- Franck Petitgas, Morgan Stanley’s top international executive and a 29-year veteran of the bank, is stepping down from his role Jan. 1, according to a memo seen Monday by the Financial Times and Reuters.
- Petitgas intends to stay on as a senior adviser and to represent the bank at events such as the World Economic Forum in Davos, Switzerland.
- Petitgas’ move could be seen as part of a generational shift at the bank. Morgan Stanley in May 2021 appointed two co-presidents, a co-head of strategy, a chief operating officer and a new CFO, setting up a race to succeed CEO James Gorman, 64, as the bank’s top executive.
At this year’s annual shareholder meeting, Gorman said the C-suite shake-up put Morgan Stanley in a position to thrive “for many decades after I’m gone,” because it installed “both a generation of leadership immediately behind me and the generation behind them.”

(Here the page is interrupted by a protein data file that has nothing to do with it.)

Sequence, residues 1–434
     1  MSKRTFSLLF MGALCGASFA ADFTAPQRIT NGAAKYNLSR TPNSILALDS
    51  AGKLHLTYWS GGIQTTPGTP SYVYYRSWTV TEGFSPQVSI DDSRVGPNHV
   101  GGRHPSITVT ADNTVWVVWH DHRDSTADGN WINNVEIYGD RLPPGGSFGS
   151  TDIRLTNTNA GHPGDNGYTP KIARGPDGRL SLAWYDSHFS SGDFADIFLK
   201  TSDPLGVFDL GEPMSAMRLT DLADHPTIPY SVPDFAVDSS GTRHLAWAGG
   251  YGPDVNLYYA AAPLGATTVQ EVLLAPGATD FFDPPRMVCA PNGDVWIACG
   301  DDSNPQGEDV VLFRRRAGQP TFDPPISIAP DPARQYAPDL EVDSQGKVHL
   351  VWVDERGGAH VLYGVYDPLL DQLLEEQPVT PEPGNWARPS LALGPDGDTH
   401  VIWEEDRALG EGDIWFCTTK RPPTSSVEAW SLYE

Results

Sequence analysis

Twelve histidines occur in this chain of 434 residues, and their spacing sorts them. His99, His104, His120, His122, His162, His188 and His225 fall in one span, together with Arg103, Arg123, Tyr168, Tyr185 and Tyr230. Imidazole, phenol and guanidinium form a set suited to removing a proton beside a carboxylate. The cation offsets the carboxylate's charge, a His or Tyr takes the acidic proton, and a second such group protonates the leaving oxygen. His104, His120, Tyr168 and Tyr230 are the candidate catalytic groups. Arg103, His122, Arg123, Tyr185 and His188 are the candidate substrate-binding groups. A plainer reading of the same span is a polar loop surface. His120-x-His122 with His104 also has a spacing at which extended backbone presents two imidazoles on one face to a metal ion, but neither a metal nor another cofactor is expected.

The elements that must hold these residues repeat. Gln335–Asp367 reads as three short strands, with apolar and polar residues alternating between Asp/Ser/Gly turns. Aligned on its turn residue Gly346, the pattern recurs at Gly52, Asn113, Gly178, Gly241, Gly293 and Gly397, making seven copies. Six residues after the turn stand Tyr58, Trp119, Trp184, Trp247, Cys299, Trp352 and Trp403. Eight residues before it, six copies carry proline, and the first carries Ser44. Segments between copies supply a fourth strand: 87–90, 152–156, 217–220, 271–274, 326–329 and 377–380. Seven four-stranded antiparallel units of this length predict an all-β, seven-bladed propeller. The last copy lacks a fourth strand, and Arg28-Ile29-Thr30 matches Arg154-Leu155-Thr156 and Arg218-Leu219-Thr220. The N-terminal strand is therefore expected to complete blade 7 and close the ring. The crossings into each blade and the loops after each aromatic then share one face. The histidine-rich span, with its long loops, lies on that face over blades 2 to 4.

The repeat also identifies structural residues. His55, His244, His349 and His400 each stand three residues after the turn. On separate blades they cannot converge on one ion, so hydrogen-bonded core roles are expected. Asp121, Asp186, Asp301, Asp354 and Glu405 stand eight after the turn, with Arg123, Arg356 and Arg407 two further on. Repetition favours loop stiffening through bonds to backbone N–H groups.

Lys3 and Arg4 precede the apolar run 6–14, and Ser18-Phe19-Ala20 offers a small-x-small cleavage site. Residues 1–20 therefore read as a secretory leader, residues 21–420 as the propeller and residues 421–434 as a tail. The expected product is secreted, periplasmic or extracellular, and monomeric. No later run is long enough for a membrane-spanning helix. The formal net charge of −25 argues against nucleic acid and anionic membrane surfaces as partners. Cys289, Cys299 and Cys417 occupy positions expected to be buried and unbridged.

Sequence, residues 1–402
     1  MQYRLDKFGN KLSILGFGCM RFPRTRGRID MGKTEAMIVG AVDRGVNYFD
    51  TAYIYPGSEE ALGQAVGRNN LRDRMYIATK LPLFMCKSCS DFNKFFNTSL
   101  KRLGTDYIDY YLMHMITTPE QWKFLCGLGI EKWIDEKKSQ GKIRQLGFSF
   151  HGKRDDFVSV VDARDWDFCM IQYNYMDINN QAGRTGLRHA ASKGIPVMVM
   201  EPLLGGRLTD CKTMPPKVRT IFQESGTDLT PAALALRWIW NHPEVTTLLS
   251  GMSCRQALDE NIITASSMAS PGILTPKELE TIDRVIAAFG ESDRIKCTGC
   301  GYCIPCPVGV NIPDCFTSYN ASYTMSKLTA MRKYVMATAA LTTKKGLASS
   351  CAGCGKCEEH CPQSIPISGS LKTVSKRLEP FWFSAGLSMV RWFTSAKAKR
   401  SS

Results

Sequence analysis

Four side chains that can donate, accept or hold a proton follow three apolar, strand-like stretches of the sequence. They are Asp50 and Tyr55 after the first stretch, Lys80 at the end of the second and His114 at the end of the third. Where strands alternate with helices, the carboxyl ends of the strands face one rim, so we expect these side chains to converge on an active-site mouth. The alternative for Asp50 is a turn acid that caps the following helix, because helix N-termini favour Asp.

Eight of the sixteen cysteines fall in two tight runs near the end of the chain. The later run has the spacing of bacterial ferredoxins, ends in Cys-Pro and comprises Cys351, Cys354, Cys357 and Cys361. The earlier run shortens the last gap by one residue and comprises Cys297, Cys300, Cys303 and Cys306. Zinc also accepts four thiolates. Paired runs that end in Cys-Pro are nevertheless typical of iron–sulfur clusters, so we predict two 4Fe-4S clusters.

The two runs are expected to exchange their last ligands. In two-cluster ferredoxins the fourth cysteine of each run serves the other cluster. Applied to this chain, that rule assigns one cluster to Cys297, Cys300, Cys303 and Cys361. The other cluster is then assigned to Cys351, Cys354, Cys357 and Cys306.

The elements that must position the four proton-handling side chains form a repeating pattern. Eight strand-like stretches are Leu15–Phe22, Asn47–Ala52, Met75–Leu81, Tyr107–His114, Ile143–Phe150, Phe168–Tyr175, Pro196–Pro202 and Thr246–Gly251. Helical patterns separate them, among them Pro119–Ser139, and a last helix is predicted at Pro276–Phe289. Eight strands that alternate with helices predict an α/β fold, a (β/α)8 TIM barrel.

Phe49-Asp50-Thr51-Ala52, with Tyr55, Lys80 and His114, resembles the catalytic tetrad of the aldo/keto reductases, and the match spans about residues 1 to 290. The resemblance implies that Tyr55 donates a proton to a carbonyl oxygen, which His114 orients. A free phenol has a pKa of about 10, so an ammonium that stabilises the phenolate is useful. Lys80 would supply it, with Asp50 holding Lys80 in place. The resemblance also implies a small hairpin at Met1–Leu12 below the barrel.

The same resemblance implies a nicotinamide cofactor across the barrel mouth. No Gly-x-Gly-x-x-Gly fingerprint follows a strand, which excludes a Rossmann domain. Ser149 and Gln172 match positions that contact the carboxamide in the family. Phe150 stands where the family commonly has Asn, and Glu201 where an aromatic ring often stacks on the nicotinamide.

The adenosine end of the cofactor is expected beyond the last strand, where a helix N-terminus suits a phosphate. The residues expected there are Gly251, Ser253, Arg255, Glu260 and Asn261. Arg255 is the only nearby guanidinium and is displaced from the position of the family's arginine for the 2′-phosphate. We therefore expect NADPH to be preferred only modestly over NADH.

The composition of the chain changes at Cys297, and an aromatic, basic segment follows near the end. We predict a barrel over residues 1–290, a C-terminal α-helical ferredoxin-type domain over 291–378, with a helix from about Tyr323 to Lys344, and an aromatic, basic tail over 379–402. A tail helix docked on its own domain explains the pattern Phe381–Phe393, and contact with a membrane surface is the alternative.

At 61, Petitgas may see himself aging out of the advancement process. In Monday’s memo, Ted Pick — one of the co-presidents Morgan Stanley named last year — described Petitgas as “a world class professional” and a “trusted adviser” to Gorman and himself “as we navigate the complexities of a global business and client base.”
Petitgas joined Morgan Stanley as a vice president in 1993, moved up to managing director in 1997 and joined the bank’s operating committee in 2012. Along the way, he ran the bank’s capital-markets business and served as global co-head of investment banking.
Petitgas was crucial to fostering Morgan Stanley’s relationship with Saudi Aramco, the world’s largest oil exporter — which the bank helped to take public in 2019.
Others in Petitgas’ generation have left the bank in recent years — notably, Morgan Stanley’s former president, Colm Kelleher, who has since become chair at Swiss banking giant UBS.
Gorman, meanwhile, said in 2021 that he intended to remain CEO for at least three more years. When a shareholder pressed Gorman for an update in May — asking whether he would retire soon — Gorman replied, “‘Soon’ is the operative word, and the answer to that is no.
“But retire we all must do eventually, or die in our seats, which I have no intention of doing,” Gorman added.